Our children are our greatest accomplishment. We love to watch them grow (not too fast!) and take interest in activities, music, sports and academics. Just as with adults, when kids feet hurt or have issues, it can affect their entire outlook. Our office sees pediatric patients for a number of reasons. So let’s discuss some of the more common issues that are seen in the feet in the pediatric population.
Starting with the skin and nails
Pediatric patients are seen commonly at our office for ingrown toenails, thick toenails, toenail injuries, warts and skin infections. Ingrown toenails are painful and can even become infected if not addressed promptly. In some cases, our kiddos at the office have inherited a nail that possesses an increased curvature on the borders and is simply more susceptible to irritation, pain or infection. In other cases, there are ways to avoid painful ingrown and infected toenails.
Wearing shoes that are too tight can cause pressure on the junction between the nail and the skin. If this pressure is not alleviated, the skin adjacent to the nail can swell and become painful. Furthermore, if the pressure is not resolved, the proximity between the nail and skin border gets closer and the nail can either puncture a small opening in the skin or create so much pressure that it forms a blister of sorts which can become infected. Our kids feet grow so quickly, it can be hard to keep up, but making sure to resize your kids for shoes every so often is critical to prevent crowding of the toes from side to side and also to make sure there is no undue pressure from the tip of the toenail towards the cuticle.
We have seen some pediatric patients in our office that develop an ‘ingrown nail’ of sorts but near the cuticle (behind the nail). This can be from either a shoe that is too small and tight, or a shoe that is loose in a way that causes the foot to slide within. When this happens, the toes can repeatedly hit the end of the shoe and cause irritation from that retrograde pressure on the nail. Ultimately when there is excess pressure in this way, the bacteria that is part of our normal flora can be forced under the cuticle and cause an infection.
Another reason that the corners of the nail can become ingrown and/or infected is from improper nail trimming. While this may come as a surprise, we recommend cutting the nails straight across and leaving a little of the white portion of the nail. This ensures the nails isn’t too short. By trimming straight across, you aren’t as likely to cut the nail incompletely, resulting in a small piece (spicule) of nail getting caught under the nail fold (skin to the side of the nail) and then subsequently growing into the skin underneath where you can access it. If the corners of the nails seem sharp, use a nail file. If there is nail curving in or you think you may have trimmed your little ones nails too short already, soaking the area and applying topical antibiotic ointment for a couple of days may help. If this home treatment doesn’t work or (worse yet) you notice your LO has redness, swelling, bleeding or other drainage, call right away. The longer that nail stays angry, the riskier it can be and the more likely it is that a procedure will need to be done.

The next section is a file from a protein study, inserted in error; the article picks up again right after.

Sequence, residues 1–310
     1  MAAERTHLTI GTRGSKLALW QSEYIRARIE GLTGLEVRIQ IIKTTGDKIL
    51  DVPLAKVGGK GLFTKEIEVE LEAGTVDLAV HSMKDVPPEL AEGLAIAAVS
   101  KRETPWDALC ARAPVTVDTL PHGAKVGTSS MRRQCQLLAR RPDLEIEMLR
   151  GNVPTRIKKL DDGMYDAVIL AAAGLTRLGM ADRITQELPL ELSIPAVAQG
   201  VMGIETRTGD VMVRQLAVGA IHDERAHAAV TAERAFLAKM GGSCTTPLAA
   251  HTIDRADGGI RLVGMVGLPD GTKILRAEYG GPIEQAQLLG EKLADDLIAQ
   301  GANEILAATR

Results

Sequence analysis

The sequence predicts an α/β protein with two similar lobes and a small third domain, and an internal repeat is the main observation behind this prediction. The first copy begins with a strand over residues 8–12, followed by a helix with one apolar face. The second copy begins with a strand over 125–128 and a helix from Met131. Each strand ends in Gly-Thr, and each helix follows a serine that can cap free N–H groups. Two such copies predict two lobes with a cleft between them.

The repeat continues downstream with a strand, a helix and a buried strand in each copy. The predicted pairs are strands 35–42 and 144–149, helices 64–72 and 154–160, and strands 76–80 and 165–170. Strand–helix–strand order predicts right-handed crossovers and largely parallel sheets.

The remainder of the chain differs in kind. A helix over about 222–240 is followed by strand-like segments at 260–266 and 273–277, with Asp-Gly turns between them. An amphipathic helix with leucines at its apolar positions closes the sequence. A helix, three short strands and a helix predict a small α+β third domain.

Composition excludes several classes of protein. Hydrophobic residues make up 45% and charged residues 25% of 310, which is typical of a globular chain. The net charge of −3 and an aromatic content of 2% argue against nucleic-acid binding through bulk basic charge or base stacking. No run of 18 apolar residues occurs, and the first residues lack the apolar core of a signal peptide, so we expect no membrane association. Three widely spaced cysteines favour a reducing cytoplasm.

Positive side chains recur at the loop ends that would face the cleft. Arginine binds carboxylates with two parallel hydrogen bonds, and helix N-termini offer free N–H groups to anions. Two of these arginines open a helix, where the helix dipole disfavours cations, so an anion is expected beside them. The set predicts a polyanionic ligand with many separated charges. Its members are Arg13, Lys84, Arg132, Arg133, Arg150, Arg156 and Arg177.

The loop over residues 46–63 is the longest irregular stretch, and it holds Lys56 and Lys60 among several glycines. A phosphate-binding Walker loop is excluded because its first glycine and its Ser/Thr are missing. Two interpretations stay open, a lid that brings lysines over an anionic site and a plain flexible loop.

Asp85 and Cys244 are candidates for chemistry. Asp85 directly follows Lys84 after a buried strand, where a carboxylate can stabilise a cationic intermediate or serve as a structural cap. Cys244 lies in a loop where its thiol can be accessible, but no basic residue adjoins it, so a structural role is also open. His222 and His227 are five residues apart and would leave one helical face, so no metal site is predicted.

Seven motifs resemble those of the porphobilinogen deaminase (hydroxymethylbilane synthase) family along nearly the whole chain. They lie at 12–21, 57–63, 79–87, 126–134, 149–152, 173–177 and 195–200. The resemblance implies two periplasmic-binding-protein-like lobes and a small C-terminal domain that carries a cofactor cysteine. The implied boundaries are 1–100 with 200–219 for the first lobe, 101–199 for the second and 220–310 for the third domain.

In kids these can have the same cause as ingrown nails – shoes that don’t fit correctly – but the thickness happens over a slower period of time typically. Another predisposing factor to developing thick toenails is if your child has curvatures of their toes that put more pressure on the nail. A thick toenail by the general population is deemed as fungus. However, childrens’ immune systems are so much more effective than ours that fungal infections in the nails of kids are rare. The thickened nail in a child is more often due to stress or pressure to the nail that changes the way the keratin forms, making the nail look thick or discolored. In some other cases, kids can actually have a congenital dystrophic nail from an issue in utero.
The tough thing about nails is that they are STUBBORN. Nails themselves do not heal in the way our skin, bones, tendons and muscles do. Once an excessive amount of damage has occurred, the nail does not recover and return to its normal appearance.
That being said, an acutely injured nail, when addressed promptly, may require treatment and in some cases a new nail can grow in with little change noted. Injuries of the toenails in kids are caused by much the same reasons as those in adults. Dropping something heavy on the toe or stubbing the toe can cause bleeding under the nail or can even cause the nail to lift or loosen. If an acute injury has occurred in a toe, prompt evaluation is key to ensuring that long-term side effects are avoided when possible.
So how about warts?